That hill, though. Drung Hill. Apparently people would gather here in ancient times – but not anymore, and I can see why. I had done a recce a couple of weeks prior and was surprised by how much this relatively small hill took out of me. It’s just straight up and straight down through rocks and heather. Last time I was here, I was also battling the wind. This time the weather was much better, but I was still happy enough to quickly touch the cairn and head downhill to rejoin the Kerry Way. I could just follow the Mountain Stage trail now and enjoy some faster miles towards Glenbeigh.
The next section from Glenbeigh to Glencar is nice and short, and even though my legs were not as fresh anymore I was still delighted to be out on these trails on a stunning day. Coming down on the other side of Windy Gap was a bit of a reality check, though. I could see the Reeks looming up ahead; things had been going well so far, but there were still some mountains left to climb.
Eileen, race director of the KWU, had kindly offered to help as well so it was great to meet both her and Michael at the Climber’s Inn in Glencar. Eileen would meet us again at the finish, Michael would join me for the final leg across the Reeks.
Ah, the Reeks… The week before, we had tried to do a trial run of this part of the route but strong winds had prevented us from even finishing the first climb. That’s why I’d come up with a plan B and C for this section. Thankfully conditions were near perfect this weekend, so we could follow the official route. What wasn’t perfect, was the fact that I wasn’t handling the change of pace very well; I knew this part was going to be the steepest, the most technical and the slowest, but I still felt like I should be moving faster.
While I was getting a little annoyed with myself, I was also starting to have some trouble with my lungs. In hindsight, I think I had just been pushing pretty hard all night/day; our bodies have their ways of telling us when enough is enough. I took a 30 second break and came to the conclusion that that wasn’t helping. It was then pointed out to me that I might want to take a couple of minutes instead of seconds… By taking a little more time I did manage to catch my breath somewhat, but I would keep coughing for the rest of the run.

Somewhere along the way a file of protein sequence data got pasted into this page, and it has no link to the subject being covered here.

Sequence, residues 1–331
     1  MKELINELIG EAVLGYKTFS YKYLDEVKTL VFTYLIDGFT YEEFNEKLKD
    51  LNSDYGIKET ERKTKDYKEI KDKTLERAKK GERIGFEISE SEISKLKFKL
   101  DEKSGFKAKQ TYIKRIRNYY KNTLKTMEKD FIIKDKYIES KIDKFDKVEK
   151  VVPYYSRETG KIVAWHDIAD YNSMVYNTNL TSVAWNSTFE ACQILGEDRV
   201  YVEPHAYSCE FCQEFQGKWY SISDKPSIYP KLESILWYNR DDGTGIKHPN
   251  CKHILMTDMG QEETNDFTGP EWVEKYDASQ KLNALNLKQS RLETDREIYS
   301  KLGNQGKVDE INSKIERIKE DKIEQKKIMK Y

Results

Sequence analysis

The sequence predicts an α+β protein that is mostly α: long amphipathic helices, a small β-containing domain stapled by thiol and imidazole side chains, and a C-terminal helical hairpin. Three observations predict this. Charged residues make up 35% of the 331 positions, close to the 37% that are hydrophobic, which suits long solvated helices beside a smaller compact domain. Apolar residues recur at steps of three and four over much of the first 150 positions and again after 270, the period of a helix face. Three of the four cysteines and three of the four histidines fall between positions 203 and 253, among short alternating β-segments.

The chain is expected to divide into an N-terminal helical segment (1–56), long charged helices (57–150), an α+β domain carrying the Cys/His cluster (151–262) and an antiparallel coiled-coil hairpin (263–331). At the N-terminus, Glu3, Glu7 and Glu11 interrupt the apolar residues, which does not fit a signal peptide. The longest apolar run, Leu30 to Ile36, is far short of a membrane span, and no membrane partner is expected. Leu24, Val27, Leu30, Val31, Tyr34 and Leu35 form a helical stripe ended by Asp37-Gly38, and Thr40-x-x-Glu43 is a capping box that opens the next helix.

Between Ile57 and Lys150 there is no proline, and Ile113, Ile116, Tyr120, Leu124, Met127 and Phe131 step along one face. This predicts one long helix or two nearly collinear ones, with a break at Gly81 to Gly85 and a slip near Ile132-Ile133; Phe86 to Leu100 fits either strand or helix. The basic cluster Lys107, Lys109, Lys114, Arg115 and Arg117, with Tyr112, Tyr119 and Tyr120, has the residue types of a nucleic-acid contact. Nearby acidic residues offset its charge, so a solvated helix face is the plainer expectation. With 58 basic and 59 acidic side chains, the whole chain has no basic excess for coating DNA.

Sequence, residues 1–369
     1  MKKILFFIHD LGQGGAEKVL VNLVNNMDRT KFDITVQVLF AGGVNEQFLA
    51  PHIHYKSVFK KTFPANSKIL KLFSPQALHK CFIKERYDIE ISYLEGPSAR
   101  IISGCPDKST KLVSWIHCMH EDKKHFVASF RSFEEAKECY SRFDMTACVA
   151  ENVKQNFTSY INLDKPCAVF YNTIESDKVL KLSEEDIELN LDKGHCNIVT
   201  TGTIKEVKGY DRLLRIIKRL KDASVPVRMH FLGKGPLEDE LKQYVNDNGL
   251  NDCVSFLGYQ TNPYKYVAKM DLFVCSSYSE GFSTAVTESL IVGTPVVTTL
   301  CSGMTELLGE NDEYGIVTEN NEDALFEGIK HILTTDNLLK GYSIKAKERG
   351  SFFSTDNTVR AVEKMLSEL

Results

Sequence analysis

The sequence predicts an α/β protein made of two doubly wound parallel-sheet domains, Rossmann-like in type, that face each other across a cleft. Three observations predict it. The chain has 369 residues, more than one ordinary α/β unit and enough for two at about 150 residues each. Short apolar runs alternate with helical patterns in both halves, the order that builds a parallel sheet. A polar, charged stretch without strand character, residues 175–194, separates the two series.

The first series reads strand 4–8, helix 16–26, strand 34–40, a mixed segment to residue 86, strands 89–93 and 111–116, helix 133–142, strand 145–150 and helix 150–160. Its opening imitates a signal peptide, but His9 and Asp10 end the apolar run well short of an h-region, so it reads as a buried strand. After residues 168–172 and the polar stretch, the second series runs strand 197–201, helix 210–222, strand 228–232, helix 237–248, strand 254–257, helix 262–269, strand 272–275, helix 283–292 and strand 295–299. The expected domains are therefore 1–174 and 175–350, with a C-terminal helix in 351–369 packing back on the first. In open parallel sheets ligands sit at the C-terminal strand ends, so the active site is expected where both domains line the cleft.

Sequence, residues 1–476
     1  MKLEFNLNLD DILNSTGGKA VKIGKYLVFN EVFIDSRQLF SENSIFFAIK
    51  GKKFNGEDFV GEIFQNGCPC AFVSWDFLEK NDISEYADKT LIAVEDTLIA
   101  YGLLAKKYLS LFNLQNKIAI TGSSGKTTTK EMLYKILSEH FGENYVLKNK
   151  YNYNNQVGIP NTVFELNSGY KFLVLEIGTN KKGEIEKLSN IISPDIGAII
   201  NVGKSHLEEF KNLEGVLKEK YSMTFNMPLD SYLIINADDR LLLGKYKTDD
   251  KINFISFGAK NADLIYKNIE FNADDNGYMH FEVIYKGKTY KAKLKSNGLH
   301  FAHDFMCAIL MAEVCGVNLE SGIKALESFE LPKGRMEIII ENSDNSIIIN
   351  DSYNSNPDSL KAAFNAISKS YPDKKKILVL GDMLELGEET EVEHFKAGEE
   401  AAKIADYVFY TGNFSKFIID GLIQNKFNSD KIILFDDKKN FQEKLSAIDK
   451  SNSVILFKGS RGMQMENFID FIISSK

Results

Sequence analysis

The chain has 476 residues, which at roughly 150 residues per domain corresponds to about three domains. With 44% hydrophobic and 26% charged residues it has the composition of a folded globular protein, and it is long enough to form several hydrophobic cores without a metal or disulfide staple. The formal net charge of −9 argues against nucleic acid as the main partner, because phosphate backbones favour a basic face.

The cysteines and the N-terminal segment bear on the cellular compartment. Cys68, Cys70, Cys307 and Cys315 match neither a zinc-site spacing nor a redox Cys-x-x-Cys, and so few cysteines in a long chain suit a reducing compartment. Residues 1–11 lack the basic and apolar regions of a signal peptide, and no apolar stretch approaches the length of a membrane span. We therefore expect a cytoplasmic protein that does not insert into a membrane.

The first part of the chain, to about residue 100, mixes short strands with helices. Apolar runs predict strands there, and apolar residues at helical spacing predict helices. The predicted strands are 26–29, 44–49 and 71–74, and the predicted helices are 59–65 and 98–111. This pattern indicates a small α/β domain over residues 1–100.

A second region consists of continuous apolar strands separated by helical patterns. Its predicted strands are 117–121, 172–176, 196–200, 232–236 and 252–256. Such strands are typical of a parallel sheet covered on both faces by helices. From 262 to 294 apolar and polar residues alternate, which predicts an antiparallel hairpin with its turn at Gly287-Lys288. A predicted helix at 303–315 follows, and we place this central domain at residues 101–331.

Even though I didn’t have to pay a lot of attention to navigation anymore, the ridges of the Reeks wouldn’t allow anyone to just zone out. I tried to stay alert, to keep plodding on and to keep eating. I hadn’t been able to eat any jellies so far so I had left them all in the car earlier that day, but of course at this point it was all I could think of. Jellies. And pizza.
Cravings aside, we kept moving and ticking off more and more peaks. There was still plenty of daylight left so there was no need to rush, but we weren’t hanging around either. I did my best to believe my ever optimistic pacer when he kept saying the next bit ‘wouldn’t be that hard’. As we reached the bog after Cnoc an Bhráca, we could actually start running again (even though someone almost got swallowed up there, I won’t say who). After the short climb to the top of the final hill, Strickeen, all that was left was to make our way down to the Gap of Dunloe.
It took me 18 hours, 23 minutes and 16 seconds to reach Kate Kearney’s Cottage. A journey that taught me a couple of lessons, which I might share in a separate post. One thing I will say is that I wouldn’t recommend downing a pint after a run like that, just to prove to some stranger that you’re absolutely fine.
Huge thanks to my crew for helping me set a new record on this route and for sharing this experience with me. Another unassuming finish line, but one I won’t forget anytime soon!